Fact Sheet 25a:
Avoiding Online Job Scams
Privacy Rights Clearinghouse / UCAN
Posted on Privacy Rights Clearinghouse web site with permission of Pam Dixon World Privacy Forum.
Job seekers who use online job search web sites must be careful to avoid a type of job scam in which the applicant is asked to accept payment to his or her own bank account. These are known as payment-forwarding or payment-transfer scams.
Payment-transfer scams involve a con artist who pretends to be an employer. The con artist uses a job ad to lure an unsuspecting job seeker, or they may use information from a resume they have found online. Such con artists can be quite convincing, and may even steal company names and corporate logos to convince victims that they are legitimate employers.
After the con artist has won the job seeker's trust, the con artist tricks the job seeker into giving up bank account numbers. The reasons given for this can be clever. One ploy is to tell the job seeker they can only deliver paychecks by "direct deposit.
"The "job" a job seeker will be asked to do involves forwarding or wiring money from a personal bank account, a PayPal account, or from Western Union to another account. The other account is often overseas. As part of their pay, the job seeker is instructed to keep a small percentage of the money as their payment. Sometimes the payment for making the money transfer is as low as $15. Sometimes it is as high as several hundred or several thousand dollars. Almost always, the money the victims are transferring is stolen, and therefore, the victims are committing theft and wire fraud. Usually, this kind of scam involves at least two or three victims.
There are many variations of payment-forwarding scams. Following are very simple tips that will go far to protect you from falling victim with some clarifications noted below. Again, this scam can be quite clever and refined.
- Do not give personal bank account, PayPal account, or credit card numbers to an employer.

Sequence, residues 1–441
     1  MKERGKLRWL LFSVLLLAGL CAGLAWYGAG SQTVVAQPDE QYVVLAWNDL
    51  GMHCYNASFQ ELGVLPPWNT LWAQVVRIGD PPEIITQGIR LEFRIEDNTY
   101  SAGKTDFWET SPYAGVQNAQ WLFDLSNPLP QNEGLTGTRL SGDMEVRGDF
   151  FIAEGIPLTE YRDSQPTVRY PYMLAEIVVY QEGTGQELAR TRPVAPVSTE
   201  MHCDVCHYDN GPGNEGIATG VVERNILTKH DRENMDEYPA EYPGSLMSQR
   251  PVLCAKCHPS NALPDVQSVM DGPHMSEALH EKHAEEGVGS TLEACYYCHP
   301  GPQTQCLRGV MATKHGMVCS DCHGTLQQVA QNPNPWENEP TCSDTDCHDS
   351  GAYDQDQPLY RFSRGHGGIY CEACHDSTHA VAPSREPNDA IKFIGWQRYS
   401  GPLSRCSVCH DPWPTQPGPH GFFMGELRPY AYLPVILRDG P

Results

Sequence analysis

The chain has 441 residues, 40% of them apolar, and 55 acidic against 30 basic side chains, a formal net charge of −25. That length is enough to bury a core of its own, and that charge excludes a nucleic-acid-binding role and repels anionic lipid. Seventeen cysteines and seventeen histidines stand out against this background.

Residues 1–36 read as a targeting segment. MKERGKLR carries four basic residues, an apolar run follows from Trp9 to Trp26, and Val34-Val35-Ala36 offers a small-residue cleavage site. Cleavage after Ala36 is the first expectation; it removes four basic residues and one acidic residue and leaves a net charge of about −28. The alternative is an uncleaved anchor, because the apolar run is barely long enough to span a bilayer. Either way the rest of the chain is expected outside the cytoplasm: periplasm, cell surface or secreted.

- Do not agree to have funds or paychecks direct deposited to any of your accounts by a new employer.
- Do not forward, transfer, or "wire" money to an employer.
- Do not transfer money and retain a portion for payment.
Legitimate employers do not usually need your bank account numbers. While direct deposit of a paycheck is a convenience, if that is the only option an employer offers, then you should not accept the job. A legitimate employer will give you the option of direct deposit, but not demand that it is used. You should wait until you have met the employer in person before agreeing to a direct deposit option.
There is one exception to this: the U.S. government typically does require that employees agree to direct deposit. If you have been interviewed in person, and you are sure that you are dealing with a government agency, then agreeing to direct deposit is not a problem. Also, if you have been working for an employer for a while and you are very sure about their legitimacy, then agreeing to a direct deposit is usually fine. This is especially true if you have received a number of paychecks from the employer and you have met the employer in person. "Work from home" and telecommuting jobs are most at risk when agreeing to direct deposit, especially from brand new employers. Use caution and good sense.
Regarding payment transfers, while some jobs may require an employee to make transfers for employers, legitimate employers making this request will go to extraordinary efforts to check the job seeker prior to making the hire. This would involve meeting the jobseeker in person and conducting rigorous interviews. This kind of job hire would not be made via email or even the telephone or a single meeting. And a legitimate employer would typically ask you to make transfers from their business accounts, not yours. You need to draw a line and understand that transferring money for employers from your personal bank account or personal PayPal account is off-limits, period.
2. Known Red Flags
Payment-forwarding scams contain certain "red-flags" that should alert you to fraudulent job ads. Here are the known red flags:
- Request for bank account numbers.
- Request for Social Security number (SSN).
- Request to "scan the ID" of a job seeker, for example, a drivers' license. Scam artists will say they need to
scan job seekers' IDs to "verify identity." This is not a legitimate request.
- A contact email address that is not a primary domain. For example, an employer calling itself "Omega Inc." with a Yahoo! email address.
- Misspellings and grammatical mistakes in the job ad.
- Monster.com lists descriptive words in job postings that are tip-offs to fraud. Their list includes "package-forwarding," "money transfers," "wiring funds," "eBay," and "PayPal." World Privacy Forum researchers also found that the terms "Foreign Agent Agreement" often appears in contracts and emails sent to job seekers.
Please see Appendix A (http://www.worldprivacyforum.org/jobscamreportpt1.html#appendixA) in the World Privacy Forum report for examples of what the emails and contracts for this kind of money transfer scam look like. The Timeline (http://www.worldprivacyforum.org/jobscamtimeline.html) has multiple examples of what the fraudulent job ads look like.
3. Most Effective Steps for Victims of Job Scams
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